Jim Poris / November 1999
Food Arts presents the November 1999 Silver Spoon Award for sterling performance to Bruno Tison, the dynamic chef who has established the food program at The Plaza Hotel in New York City as a paradigm for the hotel industry. If spying can be viewed as a form of esteem, then Tison must be flattered by the stream of hotel executives who stay at The Plaza—the better to see how he balances affairs in 23 banquet rooms, a megabrunch on Sundays, and tea for two or 200 in the famed Palm Court.
"Bruno's a stickler for detail and possesses incredible focus and pride in his work," says Mark Huntley, general manager of The Fairmont Hotel in San Francisco and former f&b director of The Plaza. "He's very determined to get things done. Hotels can be difficult, what with the politics and too many people getting between the chef and the food. Bruno can sort through all that."
It was Huntley who, in 1989, persuaded Tison to forgo a tempting partnership deal at a top restaurant and hang on as chef at The Palm Court, a job Tison had taken six months before because "[Donald] Trump paid well and it was near my apartment." In no time flat, Tison moved from a salads-and-sandwiches position "that was below my talents" to executive chef—at age 30, the youngest ever to hold the position at The Plaza.
"I love it at The Plaza," declares Tison, now 40. "I cook for the most important people in the world. They eat at Daniel or Jean Georges, then they come to me and say, 'I ate such and such, and I would like you to do that for 800 people.' It's a challenge."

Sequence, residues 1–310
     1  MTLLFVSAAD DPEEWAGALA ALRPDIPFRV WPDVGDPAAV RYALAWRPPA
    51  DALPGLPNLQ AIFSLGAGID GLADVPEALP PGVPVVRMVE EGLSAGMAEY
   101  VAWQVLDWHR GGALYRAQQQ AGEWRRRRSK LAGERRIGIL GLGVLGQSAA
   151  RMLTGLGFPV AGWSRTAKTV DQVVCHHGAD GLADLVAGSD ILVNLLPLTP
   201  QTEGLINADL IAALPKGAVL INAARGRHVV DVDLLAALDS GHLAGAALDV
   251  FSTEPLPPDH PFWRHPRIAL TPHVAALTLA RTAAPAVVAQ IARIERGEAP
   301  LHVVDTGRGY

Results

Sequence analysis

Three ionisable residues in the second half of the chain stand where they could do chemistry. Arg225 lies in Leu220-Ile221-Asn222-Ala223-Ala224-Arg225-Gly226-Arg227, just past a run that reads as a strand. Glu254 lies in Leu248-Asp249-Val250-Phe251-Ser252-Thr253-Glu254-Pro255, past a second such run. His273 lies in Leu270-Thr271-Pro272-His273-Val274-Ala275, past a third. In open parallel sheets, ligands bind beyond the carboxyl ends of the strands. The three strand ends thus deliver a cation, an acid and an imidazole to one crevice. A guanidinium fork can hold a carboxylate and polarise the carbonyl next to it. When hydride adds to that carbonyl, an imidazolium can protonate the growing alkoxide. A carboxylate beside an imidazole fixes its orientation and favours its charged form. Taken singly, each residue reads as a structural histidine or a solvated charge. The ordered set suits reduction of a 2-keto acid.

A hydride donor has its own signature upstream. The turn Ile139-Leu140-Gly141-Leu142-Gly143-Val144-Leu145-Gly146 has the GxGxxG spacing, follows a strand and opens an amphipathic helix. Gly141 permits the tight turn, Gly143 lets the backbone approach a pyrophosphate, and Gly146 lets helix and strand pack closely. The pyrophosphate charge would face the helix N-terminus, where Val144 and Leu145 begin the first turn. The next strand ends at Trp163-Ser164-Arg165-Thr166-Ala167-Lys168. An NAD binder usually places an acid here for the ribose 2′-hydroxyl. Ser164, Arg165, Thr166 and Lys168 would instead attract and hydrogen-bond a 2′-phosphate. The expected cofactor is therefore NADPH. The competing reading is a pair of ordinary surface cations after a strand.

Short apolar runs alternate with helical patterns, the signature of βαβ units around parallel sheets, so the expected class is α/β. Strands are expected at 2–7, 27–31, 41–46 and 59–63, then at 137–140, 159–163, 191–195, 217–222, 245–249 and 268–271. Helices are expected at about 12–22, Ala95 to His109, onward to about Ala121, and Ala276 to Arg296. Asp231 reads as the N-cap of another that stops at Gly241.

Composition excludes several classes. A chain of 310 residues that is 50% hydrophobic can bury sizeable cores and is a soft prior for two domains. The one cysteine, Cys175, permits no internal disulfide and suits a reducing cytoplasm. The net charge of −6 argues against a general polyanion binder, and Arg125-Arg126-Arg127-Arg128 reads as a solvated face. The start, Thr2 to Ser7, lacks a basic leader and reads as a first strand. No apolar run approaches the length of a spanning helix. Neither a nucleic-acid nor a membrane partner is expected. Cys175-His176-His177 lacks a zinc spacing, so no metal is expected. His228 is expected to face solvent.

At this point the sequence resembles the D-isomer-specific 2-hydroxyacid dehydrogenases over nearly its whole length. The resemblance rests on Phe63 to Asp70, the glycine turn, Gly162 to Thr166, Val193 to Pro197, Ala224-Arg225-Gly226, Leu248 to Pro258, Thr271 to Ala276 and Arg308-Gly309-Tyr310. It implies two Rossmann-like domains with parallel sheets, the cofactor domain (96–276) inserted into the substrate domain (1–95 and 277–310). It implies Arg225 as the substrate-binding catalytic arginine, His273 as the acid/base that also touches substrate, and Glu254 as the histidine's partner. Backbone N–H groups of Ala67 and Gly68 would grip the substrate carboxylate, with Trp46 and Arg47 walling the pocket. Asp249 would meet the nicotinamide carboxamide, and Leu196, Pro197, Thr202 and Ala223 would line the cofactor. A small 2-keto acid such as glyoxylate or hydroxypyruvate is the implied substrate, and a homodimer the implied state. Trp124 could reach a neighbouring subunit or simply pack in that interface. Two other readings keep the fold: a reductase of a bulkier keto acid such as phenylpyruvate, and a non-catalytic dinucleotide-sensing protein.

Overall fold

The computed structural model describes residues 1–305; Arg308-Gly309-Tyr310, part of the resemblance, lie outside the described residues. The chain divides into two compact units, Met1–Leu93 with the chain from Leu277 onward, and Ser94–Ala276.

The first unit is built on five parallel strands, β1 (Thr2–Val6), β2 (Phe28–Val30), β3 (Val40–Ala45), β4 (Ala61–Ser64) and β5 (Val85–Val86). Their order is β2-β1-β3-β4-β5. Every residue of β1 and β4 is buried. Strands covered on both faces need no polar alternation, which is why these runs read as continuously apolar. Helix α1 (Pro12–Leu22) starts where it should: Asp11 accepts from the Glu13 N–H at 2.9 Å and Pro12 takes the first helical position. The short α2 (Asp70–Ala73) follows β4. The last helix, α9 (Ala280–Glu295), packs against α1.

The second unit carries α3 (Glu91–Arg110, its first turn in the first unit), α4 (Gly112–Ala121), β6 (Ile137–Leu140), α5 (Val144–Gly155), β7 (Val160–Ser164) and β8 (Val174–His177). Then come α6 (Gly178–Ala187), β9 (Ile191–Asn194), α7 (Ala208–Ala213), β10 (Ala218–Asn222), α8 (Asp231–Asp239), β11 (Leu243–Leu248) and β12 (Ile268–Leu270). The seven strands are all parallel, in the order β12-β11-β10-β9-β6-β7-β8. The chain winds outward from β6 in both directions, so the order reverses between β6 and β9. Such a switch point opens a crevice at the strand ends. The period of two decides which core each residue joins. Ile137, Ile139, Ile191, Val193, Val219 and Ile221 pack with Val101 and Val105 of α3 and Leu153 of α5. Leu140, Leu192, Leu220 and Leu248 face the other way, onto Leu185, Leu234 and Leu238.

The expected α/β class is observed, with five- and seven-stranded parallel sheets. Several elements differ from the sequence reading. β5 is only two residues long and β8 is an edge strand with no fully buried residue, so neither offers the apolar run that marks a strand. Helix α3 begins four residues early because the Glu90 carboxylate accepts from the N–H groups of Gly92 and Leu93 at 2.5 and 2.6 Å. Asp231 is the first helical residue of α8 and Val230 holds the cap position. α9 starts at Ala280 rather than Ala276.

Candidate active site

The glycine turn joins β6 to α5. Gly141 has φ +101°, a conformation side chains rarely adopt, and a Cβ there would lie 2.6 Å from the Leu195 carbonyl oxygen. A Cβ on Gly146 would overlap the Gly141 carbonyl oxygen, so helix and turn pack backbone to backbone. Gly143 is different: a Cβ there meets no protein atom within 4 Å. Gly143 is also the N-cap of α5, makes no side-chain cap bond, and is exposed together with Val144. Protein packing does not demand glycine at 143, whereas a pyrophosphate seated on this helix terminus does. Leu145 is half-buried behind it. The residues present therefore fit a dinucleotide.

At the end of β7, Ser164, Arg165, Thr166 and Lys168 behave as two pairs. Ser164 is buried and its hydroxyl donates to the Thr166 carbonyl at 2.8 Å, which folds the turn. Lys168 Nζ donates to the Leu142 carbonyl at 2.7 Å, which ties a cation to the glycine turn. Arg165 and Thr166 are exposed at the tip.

Tison is more than up to the task. Exporting Plaza wedding concepts, including elaborate dinners and cakes, to Japan: no problem. Cooking for emirs, sheiks, plutocrats, aristocrats, fat cats, and hepcat actors: no sweat. Pulling off fab food for 1,400 at Time magazine's all-world celeb 75th anniversary bash: easy as pie. Setting up fetching food displays or teaming with Eric Gouteyron, The Plaza's nonpareil pastry chef, on sybaritic dessert buffets: done with pleasure.
"A lot of people think large hotels produce lousy food," says Tison, a native of French Flanders who worked his way up through the Michelin three-star kitchens of Roger Vergé, Michel Guérard, and the late Alain Chapel before winding up at Ernie's in San Francisco and Beau Geste in New York City in the mid-'80s. "In 10 years, I've tried to promote The Plaza's name and represent it as a quality place for wonderful food. I'd like people to know that even in a famous landmark hotel like The Plaza, where we serve so many people, it's still possible to serve great food."
Nearly $40 million in annual food sales at The Plaza backs Tison's performance. Says Daniel Boulud, who teamed with Tison on the Time blowout: "I not only admire Bruno's talents as a chef but respect him as a gentleman as well. For the position he has, working at one of the greatest hotels in America, Bruno is certainly in the forefront." Those words speak volumes about the chef who spins volume into golden moments for his guests.